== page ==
• Users Online: 277
  • Print this page
  • Email this page


 
 
Table of Contents
ORIGINAL ARTICLE
Year : 2022  |  Volume : 19  |  Issue : 3  |  Page : 434-440

Assessment of adherence to healthy lifestyle and medications among hypertensive patients in Babylon Province


Department of Community Medicine, College of Medicine, University of Babylon, Babylon, Iraq

Date of Submission23-May-2022
Date of Acceptance06-Jun-2022
Date of Web Publication29-Sep-2022

Correspondence Address:
Helen Ali Mahdi
Department of Community Medicine, College of Medicine, University of Babylon, Babylon
Iraq
Login to access the Email id

Source of Support: None, Conflict of Interest: None


DOI: 10.4103/MJBL.MJBL_74_22

Rights and Permissions
  Abstract 

Background: Hypertension is one of the most common health problems in the world and considered as the most common risk factor for different heart diseases such as coronary heart disease, stroke, renal disease, and peripheral vascular diseases. Adherence to healthy lifestyle and medications plays an important role in controlling hypertension among hypertensive patients and in preventing the long-term complications of hypertension. Objectives: The study aimed to assess the adherence to healthy lifestyle and medications in controlling hypertension among hypertensive patients in Al-Hilla city, Iraq. Materials and Methods: This study was a “descriptive cross-sectional study” involving about 303 hypertensive patients who visited healthcare centers and hospitals above 18 years by a designed questionnaire through the interview method. The data were collected from April to July 2021. Results: The mean age of hypertensive patients was 54.89 ± 10.42 years, females represent 51.2%, males represent 48.8%, adherence of hypertensive patients to healthy lifestyle was 65.3%, and adherence to medications was 55.4%. There was no significant association between adherence to healthy lifestyle and medications and variables in our study (age, sex, marital status, educational level, residence, employment status, socio-economic level, duration of hypertension, family history of hypertension, and measurement of hypertension). Conclusion: In this study in Babylon Province, the highest proportions of hypertensive patients adhere to healthy lifestyle (65.3%) and medications (55.4%), and there is no significant association between adherence to healthy lifestyle and medications and variables in our study (age, sex, marital status, educational level, residence, employment status, socio-economic level, duration of hypertension, family history of hypertension, and measurement of hypertension).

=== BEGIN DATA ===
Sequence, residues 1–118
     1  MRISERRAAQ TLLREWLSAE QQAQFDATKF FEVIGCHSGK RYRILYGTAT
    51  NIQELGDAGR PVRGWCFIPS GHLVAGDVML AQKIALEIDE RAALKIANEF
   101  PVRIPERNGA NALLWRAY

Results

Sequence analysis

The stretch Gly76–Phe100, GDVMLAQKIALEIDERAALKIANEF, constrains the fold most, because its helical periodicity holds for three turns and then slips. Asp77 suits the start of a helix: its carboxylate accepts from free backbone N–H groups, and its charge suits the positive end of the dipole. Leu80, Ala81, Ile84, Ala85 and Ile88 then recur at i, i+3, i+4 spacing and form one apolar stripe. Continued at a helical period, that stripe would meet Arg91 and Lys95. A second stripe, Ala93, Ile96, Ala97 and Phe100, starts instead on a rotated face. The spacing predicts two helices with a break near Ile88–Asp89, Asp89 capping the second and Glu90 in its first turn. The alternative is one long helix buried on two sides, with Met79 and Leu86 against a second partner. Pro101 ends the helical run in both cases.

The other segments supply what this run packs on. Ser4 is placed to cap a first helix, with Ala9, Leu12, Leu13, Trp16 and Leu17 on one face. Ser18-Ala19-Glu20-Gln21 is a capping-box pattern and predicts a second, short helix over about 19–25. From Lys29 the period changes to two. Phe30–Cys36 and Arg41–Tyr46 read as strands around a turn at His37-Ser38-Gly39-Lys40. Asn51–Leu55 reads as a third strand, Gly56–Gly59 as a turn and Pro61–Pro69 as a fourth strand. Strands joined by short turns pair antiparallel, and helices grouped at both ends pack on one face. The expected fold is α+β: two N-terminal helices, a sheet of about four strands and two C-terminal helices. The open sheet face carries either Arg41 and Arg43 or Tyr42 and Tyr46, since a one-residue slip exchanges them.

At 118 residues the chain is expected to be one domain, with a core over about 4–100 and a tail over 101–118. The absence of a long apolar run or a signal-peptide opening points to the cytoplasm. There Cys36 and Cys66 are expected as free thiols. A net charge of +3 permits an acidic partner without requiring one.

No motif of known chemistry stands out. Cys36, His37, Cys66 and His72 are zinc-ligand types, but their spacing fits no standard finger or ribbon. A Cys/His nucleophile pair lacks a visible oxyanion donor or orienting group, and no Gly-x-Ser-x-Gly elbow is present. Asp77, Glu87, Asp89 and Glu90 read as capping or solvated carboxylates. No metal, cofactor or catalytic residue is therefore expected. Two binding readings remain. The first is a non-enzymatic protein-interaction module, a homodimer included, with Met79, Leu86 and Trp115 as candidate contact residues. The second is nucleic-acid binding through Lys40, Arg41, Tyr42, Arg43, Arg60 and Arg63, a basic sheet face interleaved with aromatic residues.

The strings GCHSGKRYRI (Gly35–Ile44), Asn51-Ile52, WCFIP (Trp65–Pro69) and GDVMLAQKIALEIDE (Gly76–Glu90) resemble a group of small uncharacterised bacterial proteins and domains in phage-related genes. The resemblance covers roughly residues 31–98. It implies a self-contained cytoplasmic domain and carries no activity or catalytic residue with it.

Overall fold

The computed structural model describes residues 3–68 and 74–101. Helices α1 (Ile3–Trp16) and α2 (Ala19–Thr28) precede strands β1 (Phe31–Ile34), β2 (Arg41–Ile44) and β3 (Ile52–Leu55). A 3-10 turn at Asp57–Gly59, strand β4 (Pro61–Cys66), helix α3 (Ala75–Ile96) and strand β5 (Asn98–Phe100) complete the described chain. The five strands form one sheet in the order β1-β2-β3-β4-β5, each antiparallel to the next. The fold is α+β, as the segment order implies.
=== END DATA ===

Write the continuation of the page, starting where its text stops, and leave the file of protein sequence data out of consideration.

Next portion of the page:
Keywords: Hypertension, lifestyle, medications


How to cite this article:
Mahdi HA, Al-Humairi AK. Assessment of adherence to healthy lifestyle and medications among hypertensive patients in Babylon Province. Med J Babylon 2022;19:434-40

How to cite this URL:
Mahdi HA, Al-Humairi AK. Assessment of adherence to healthy lifestyle and medications among hypertensive patients in Babylon Province. Med J Babylon [serial online] 2022 [cited 2022 Dec 7];19:434-40. Available from: https://www.medjbabylon.org/text.asp?2022/19/3/434/357274




  Introduction Top


Hypertension commonly known as high blood pressure (BP) is defined as a BP reading of 130 mmHg and higher for the systolic reading and 80 mmHg and higher for the diastolic reading (American Heart Association, 2017).

It is considered as a major public health problem worldwide due to its high prevalence around the globe[1],[2] and as the first among the preventable causes of death worldwide.[3]

The elevated BP is strongly and positively correlated with the risk of stroke and coronary heart diseases and its complications include heart failure, renal impairment, and retinal hemorrhage.[4]

Many patients who suffer from hypertension may not be aware of it at an early stage because it is rarely accompanied by symptoms and its detection is usually through screening or when seeking health care for an unrelated condition. Symptoms appear only when BP is very high, which include headache, vertigo, dizziness, and palpitation.[5]

Due to the asymptomatic nature of hypertension, it is referred to as “the silent killer.”[6]

The symptoms of hypertension may not present and the appearance of its side effects may occur after years; acceptance of treatment by patients in the absence of symptoms is usually difficult.[7]

The risk factors are identified and controlled through adherence to pharmacological therapy or lifestyle modification or the combination of both.[8]

The World Health Organization has reported the major risk factors for hypertension, which is classified as metabolic, behavioral, social determinants, and cardiovascular diseases-linked; the behavioral risk factors of hypertension include unhealthy diet, tobacco, physical inactivity, and use of alcohol, whereas metabolic risk factors include obesity, diabetes, and elevated blood lipids.[9]